The Rocky Horror Show Time to gather up the water pistols, rubber gloves, toilet tissue and newspapers for a trip to Dr. Frank 'N' Furter's spooky manse. Richard O'Brien's 1973 rock musical holds up just fine in this slick and sexy production. Paul Taylor makes a gorgeous "sweet transsexual from Transylvania" in his satin bustier and thick-as-jam lipgloss. Marisa Diotalevi and William Blake, as the doctor's alien helpers Magenta and Riff-Raff, do some mad-good singing. Doug Miller as the squaresville Brad and Cara Statham Serber as his virginal girlfriend Janet (dammit!) are almost too good to deserve the audience's shouted insults (don't worry--they're supposed to say those things). Director Bob Hess adds some original flourishes to the kitschy idiocy and keeps the pace at warp speed. By the time the cast reprises "The Time Warp," you won't want to leave. Through November 13 at Contemporary Theatre of Dallas. Special midnight performance November 6. 5601 Sears St., 214-828-0094. Reviewed October 21. (E.L.)
Rounding Third "You can observe a lot by watching," Yogi Berra once said. In Richard Dresser's warm little comedy about baseball and friendship, two coaches--one a veteran, one a newbie--watch their Chicago Little League team progress through a season. And we watch them watching baseball games we can't really see. Somehow it works, making for a winning play about wanting to win. Don (Doug Jackson, channeling Bob Elliott of Bob and Ray) is the die-hard coach whose 12-year-old son is about to age out of the league. Michael (Jeffrey Schmidt), a young widower with a clumsy kid, is the new assistant, so green he's not sure what a fungo is. Sharing the bench during games and practices, Don and Michael get to know each other the way men do, by talking sports and women. "Why do you coach?" Michael asks Don, who answers, "Why does Sinatra sing?" Thinking about baseball takes up 55 percent of Don's waking thoughts, followed by money, sex and "revenge fantasies." Between the wisecracks, the play also says serious things about middle-class men leading lives of quiet desperation. "Ever notice who the happy people are? Winners," says Don. "Everybody else is 30 seconds away from blowing their brains out." Nice subtle work from the two actors under the direction of T.J. Walsh. Continues through November 20 at Theatre Three, 2800 Routh St. in the Quadrangle, 214-871-3300. (E.L.)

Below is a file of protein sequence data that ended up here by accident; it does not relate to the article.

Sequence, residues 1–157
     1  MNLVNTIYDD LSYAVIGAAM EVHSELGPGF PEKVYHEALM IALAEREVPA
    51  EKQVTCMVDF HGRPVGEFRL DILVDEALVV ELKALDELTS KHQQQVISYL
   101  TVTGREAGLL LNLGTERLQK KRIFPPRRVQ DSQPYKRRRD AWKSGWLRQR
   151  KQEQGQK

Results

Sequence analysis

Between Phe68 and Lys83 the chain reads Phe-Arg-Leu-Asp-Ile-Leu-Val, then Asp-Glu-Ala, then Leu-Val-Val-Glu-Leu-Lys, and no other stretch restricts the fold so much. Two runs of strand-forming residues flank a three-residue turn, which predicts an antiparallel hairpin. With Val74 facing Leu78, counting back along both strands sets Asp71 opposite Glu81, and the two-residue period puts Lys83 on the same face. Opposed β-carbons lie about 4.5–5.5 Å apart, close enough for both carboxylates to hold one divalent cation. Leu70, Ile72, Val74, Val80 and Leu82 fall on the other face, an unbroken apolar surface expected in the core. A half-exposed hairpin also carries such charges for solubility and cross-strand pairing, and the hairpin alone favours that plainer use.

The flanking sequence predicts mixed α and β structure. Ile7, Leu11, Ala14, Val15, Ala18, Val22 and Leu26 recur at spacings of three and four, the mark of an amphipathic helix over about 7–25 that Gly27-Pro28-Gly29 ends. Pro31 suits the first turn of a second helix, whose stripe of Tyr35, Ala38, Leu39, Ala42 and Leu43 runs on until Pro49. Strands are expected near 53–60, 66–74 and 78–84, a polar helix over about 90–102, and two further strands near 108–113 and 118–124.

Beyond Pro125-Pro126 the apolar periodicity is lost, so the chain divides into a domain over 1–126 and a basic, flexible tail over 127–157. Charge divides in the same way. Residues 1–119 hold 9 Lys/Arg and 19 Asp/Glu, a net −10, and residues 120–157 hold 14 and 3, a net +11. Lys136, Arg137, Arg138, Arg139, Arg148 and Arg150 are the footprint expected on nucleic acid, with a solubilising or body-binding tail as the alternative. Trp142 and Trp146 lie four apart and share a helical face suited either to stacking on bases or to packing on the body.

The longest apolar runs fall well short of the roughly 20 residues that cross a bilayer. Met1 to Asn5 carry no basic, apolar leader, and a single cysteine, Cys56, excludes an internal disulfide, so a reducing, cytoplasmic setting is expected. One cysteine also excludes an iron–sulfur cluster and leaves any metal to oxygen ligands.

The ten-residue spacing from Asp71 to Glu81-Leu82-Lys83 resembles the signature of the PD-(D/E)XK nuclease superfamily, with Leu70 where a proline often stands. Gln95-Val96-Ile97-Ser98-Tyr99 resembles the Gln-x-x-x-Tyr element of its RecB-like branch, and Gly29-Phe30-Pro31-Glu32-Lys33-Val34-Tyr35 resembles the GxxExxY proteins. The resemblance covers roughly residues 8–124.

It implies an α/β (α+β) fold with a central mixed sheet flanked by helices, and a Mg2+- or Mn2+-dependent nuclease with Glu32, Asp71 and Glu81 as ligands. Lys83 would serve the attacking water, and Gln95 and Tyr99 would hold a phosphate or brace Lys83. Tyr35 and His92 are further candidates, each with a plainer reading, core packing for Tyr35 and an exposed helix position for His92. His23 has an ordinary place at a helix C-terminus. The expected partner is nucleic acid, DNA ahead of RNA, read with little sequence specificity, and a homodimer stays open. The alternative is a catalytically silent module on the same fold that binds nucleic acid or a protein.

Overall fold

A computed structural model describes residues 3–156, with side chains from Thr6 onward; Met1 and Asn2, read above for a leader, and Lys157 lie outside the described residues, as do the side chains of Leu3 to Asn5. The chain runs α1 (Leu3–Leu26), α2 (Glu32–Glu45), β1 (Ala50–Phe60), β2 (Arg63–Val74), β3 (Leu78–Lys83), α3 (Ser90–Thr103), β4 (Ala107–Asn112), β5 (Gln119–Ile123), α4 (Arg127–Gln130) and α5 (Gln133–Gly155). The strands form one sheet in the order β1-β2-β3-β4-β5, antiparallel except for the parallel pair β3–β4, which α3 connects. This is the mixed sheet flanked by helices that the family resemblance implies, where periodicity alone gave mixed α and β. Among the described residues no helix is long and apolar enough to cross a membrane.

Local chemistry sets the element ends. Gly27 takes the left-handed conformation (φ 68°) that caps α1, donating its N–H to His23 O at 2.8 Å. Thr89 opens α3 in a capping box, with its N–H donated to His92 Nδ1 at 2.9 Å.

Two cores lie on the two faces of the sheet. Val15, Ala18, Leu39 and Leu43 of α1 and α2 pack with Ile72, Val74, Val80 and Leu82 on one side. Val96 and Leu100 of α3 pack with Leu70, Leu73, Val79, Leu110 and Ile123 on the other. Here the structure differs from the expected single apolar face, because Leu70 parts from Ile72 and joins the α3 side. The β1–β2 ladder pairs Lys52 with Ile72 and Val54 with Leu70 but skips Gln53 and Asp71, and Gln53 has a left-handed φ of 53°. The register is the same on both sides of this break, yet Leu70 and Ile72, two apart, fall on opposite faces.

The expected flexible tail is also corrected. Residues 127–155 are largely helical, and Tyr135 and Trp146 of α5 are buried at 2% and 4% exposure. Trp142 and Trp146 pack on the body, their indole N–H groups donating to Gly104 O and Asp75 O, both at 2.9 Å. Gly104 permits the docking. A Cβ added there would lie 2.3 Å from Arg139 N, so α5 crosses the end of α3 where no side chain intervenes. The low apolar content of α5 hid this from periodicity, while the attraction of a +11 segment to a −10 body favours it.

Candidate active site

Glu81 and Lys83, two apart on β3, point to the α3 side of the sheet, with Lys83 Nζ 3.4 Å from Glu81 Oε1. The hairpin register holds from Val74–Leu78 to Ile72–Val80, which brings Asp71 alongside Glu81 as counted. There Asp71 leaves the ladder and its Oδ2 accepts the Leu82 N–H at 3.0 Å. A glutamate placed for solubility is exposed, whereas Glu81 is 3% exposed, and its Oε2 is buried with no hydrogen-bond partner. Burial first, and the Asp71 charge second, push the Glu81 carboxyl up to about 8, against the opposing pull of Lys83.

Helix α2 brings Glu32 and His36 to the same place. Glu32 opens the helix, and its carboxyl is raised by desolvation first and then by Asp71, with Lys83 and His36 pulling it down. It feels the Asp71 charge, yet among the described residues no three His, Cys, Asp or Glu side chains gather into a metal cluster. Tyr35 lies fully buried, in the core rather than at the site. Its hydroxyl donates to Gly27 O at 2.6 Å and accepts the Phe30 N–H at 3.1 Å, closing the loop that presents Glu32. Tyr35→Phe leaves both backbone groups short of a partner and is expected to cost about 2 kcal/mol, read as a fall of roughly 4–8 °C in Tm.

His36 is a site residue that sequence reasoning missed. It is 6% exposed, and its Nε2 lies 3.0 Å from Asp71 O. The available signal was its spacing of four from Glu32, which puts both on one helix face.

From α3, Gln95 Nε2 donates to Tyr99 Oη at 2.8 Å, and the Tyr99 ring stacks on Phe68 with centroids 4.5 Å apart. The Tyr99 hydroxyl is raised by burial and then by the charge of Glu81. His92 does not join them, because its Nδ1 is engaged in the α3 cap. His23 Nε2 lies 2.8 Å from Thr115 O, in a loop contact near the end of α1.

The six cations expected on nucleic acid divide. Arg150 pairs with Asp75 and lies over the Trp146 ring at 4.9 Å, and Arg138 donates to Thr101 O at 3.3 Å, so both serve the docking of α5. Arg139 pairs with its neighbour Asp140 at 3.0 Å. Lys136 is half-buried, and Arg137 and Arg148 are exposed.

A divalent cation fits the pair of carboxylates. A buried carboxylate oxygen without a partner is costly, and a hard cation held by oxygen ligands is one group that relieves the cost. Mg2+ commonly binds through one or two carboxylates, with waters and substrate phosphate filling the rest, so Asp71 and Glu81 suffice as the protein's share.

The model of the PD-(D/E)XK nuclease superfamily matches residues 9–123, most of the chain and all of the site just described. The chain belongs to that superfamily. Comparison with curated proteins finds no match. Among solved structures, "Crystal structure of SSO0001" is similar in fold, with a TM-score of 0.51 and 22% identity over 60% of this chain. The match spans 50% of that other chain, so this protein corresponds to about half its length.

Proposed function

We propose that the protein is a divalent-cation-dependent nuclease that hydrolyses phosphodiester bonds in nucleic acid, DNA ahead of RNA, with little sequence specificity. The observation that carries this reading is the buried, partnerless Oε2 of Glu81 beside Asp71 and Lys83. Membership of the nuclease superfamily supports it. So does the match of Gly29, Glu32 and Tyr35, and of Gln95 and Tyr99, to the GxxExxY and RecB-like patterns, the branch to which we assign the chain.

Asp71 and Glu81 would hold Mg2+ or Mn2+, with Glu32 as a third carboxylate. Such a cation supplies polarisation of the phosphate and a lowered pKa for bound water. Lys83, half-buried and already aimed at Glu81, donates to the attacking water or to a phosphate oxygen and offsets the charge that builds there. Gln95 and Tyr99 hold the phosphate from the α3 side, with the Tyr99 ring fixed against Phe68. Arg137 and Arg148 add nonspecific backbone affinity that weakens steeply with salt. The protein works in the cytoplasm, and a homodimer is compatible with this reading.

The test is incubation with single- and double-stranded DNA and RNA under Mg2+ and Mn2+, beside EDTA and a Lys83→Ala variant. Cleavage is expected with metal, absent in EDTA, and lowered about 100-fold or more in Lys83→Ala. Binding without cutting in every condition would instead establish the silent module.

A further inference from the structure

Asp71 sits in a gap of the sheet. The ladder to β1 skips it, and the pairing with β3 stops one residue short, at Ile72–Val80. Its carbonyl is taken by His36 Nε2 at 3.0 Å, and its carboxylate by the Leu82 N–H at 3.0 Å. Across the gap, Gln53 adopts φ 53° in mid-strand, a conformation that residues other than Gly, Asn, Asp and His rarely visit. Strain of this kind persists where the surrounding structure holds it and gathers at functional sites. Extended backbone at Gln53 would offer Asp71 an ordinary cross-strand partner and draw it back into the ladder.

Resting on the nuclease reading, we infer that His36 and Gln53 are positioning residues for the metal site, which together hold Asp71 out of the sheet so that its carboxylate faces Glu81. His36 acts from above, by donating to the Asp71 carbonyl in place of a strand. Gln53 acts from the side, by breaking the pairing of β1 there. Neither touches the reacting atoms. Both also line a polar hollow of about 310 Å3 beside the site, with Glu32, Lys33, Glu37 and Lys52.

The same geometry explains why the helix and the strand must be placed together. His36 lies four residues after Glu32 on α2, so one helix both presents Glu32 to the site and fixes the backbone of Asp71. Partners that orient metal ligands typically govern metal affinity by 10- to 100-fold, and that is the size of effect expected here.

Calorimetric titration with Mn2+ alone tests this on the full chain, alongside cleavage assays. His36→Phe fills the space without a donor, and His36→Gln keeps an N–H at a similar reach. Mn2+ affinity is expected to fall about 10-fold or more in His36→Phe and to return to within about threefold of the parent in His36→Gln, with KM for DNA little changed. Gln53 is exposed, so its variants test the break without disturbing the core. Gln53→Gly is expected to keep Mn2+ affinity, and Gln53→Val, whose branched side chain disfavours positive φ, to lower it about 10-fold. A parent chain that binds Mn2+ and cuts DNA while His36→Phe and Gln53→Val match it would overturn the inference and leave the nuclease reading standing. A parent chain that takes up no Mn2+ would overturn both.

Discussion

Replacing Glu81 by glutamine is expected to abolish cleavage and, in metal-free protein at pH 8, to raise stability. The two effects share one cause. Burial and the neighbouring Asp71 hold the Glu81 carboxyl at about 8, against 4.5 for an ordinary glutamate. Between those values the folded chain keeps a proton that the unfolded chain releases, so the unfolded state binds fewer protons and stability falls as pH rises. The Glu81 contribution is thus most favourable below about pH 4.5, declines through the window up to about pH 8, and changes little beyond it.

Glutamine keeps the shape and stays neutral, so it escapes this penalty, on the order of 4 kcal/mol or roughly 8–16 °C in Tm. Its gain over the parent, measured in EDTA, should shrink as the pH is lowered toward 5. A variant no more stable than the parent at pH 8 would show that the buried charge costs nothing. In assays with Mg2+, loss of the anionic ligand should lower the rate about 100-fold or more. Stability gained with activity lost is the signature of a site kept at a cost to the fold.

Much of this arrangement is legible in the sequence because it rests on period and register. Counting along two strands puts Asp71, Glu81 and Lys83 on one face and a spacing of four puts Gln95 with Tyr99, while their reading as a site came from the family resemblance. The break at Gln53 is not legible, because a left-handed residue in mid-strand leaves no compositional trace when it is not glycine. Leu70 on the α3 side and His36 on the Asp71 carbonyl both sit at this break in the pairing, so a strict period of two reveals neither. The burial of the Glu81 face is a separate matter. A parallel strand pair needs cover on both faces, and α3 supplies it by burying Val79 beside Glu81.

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Trailer Trash vs. the Monster of Booger Creek There's a reason they cook up the popcorn at Pocket Sandwich Theatre so insipid and dry: You can eat it, but the actors at this cozy, campy playhouse like it when you throw it at them. The melodrama currently being staged at Pocket offers up popcorn-projectile opportunities about every five minutes, which, for this place, is an endorsement. As the scheming denizens of Beaver, Arkansas--Velda, Cleophus, and Sassy Pants among them--gather 'round the trailer park, they encounter the new sheriff, Buck Stallion, who has arrived (in a fey, baby-blue cowboy outfit, by the way) to replace the law man recently consumed by the shaggy, 100-year-old titular creature. There is one character driving the reins of the plot here, and she's nasty enough to induce more dizzying plot twists in two hours than in a month's worth of the average Mexican soap opera. Don't worry if you've forgotten the lyrics to "Thank God I'm a Country Boy"--they've printed them right in the playbill so you can sing them loud and proud with the actors. Through November 13 at Pocket Sandwich Theatre, 5400 E. Mockingbird Lane, 214-821-1860. (C.S.)